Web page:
Remember last November when TechCrunch said that the Kindle “Ice Wine” would feature improved typography and a much better screen? I didn’t believe parts of that report at the time, but there have been moments over the past few days where I think TC may have understated the case.
Amazon’s latest Kindle, the Voyage, arrived at my door on Friday and now that the embargo has been lifted on Monday I can finally tell you what I think. Three days isn’t really enough time to write a review, but I do have a few thoughts. (I got my unit later than some of the other reviewers.)
I wouldn’t buy one, and in a couple ways the design falls flat, but wow. If you are one of the lucky few who ordered early enough to get an early ship date, you are in for a treat.
While I would normally balk at writing a review after only 3 days (not enough time, IMO), I have checked and my Kindle Voyage loaner is still running pretty much the same software as what the Paperwhite ran a month ago. Technically the Voyage is running v.5.5, which is a later version than what is running on the Paperwhite, but the Voyage still lacks the new software features which Amazon is promising to add in a firmware update later this year.
Since the software features are largely identical to other Kindles I can skip them and focus on simply the hardware and the reading experience. And that is most of what I have been doing for the past 3 days. (I even put off writing a review I had scheduled so I could instead lay around, reading ebooks, and playing with the Voyage. What a tough life I lead.)
How Does it Feel
As the early photos will tell you, the Kindle Voyage is a simple black rectangle which is at first glance is difficult to distinguish from other Kindle models. But then you flip it over and the difference is obvious.
The Kindle Voyage sports a rubberized rear shell which is patterned after the design of Fire tablets, except without the sharp angles. While you can see and feel the suggestion of panels, the angles are so shallow that the Voyage feels more like the curved rear shell of the Paperwhite than it does to the angled rear shell of the Fire tablets.
Moving on to the front, the Voyage has a 6″ screen which is noticeably a couple shades lighter than the screen on my 2013 Paperwhite. The screen on the Voyage is mounted flush with the front of the case, which matters more than you would think. When placed next to the Paperwhite the text seems to float on the Voyage’s screen, and thanks to the 300 dpi resolution it is also considerably sharper with more finely detailed fonts than can be found on previous E-ink screens.
If you’re upgrading, I think you will notice. (I am ambivalent on such details, but even I noticed and marveled.)
The Voyage sports a frontlight which is both much brighter and much whiter than the frontlight on my Paperwhite, which is browner in comparison. The Voyage also has an ambient light sensor which can set the intensity of the frontlight for you, but I can’t comment on it (I always disable such sensors).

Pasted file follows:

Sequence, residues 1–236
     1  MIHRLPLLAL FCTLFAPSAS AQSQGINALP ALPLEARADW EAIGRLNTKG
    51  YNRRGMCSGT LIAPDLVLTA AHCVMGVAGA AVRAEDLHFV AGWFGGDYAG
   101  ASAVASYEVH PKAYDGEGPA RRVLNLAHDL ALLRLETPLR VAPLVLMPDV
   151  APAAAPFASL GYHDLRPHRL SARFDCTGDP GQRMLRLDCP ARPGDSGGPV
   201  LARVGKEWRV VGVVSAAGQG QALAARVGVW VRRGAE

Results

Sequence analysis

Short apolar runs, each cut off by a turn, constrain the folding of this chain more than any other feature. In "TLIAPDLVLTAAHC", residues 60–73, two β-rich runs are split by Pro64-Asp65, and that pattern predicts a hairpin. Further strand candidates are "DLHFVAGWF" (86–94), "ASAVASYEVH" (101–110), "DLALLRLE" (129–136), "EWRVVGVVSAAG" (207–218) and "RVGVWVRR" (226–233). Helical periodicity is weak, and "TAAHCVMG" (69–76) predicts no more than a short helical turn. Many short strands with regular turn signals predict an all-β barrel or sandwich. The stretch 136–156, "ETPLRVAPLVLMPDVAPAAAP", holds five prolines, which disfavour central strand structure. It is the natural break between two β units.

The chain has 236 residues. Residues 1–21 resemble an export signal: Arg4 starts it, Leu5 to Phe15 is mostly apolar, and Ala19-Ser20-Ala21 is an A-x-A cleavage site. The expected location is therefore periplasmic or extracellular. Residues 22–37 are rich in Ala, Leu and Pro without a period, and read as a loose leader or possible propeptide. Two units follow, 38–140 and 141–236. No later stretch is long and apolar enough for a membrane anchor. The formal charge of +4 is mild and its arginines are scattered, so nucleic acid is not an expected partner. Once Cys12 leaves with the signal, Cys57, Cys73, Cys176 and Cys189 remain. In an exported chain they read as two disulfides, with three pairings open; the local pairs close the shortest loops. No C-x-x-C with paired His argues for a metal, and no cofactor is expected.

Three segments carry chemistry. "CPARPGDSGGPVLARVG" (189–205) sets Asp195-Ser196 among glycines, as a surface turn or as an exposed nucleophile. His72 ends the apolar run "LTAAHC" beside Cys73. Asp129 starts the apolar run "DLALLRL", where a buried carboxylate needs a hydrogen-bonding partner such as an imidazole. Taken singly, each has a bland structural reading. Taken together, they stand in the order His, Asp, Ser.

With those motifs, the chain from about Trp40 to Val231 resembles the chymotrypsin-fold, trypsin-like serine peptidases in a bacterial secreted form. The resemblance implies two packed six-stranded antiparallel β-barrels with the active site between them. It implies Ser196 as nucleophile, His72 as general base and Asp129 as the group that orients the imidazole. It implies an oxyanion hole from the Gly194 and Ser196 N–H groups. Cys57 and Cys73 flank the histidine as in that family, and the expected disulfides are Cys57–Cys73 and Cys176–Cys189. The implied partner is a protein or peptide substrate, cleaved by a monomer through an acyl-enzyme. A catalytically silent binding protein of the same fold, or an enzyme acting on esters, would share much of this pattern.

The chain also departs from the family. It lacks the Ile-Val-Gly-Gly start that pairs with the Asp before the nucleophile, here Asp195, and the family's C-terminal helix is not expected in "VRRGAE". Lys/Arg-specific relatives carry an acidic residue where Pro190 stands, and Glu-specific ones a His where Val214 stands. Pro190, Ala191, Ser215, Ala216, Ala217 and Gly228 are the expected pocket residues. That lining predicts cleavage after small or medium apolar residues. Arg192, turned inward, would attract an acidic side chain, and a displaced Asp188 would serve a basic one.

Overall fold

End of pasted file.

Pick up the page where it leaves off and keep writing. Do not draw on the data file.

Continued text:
I can comment on the fact that the frontlight is never off, not even at the lowest setting. Even in a pitch black room I could see some light on the screen. It wasn’t enough to read, but it was enough to be able to turn the frontlight up. I’d rather be able to turn the frontlight all the way off, but I will admit that that is a nice touch, and one which the Paperwhite doesn’t have.
On either side of the screen you will find a pair of page turn buttons, the one feature which I don’t think worked out well. These non-physical buttons are pressure sensitive, and trying to get them to respond consistently detracted from the reading experience.
What is it Like to Read On
When I posted my review of the new basic Kindle, I lead with the observation that I was having trouble writing the review because the device had got out of my way while I was using it.
I can’t say the same about the Voyage. While it was fun to get one in my hands, some parts of the design kept tripping me up.
The origami cover, for example, folds over the top rather than the side. This detracted from the reading experience, and trying to fold that cover correctly so I could use it as a stand was a hit or miss process.
And then there are the page turn buttons.
While I like that Amazon added them back in after going button-less with the Kindle Touch in 2011, I would prefer actual physical buttons. The pressure sensitive buttons on the Voyage are finicky and don’t work in every situation.
According to Amazon’s promo info, the page turn buttons, or PagePress as they are called are intended to be squeezed, but given how I usually hold my ereaders that doesn’t always work. For example, I found while reading in bed that the buttons didn’t always register my press. What’s more, I regularly had the Voyage decide that I wanted to go back rather than forward.
While you could write that off to user error, any design that still has me tripped up after 3 days could well be described as counter-intuitive, and in need of work. Luckily there is an option to disable the page turn buttons (it’s in the settings menu).
Update: Actually, you could also write that off to a user not looking at the settings menus. The buttons can be adjusted to respond to less or increased pressure. This might have helped with my inability to get a consistent response.
Three days is too early to post a real review, but based on what I have seen so far I would say that if you have the money to spend, you’re going to love the Kindle Voyage. But if you don’t have the money, well, there isn’t much you’ll miss aside from the higher resolution screen and the brighter frontlight. (I won’t miss them much.)
The Paperwhite will be getting the same software updates as the Voyage, and it has its own smartcovers. So the question you should really ask is whether the Voyage is worth the extra $80 (or possibly even more, if you are upgrading and selling off your old unit).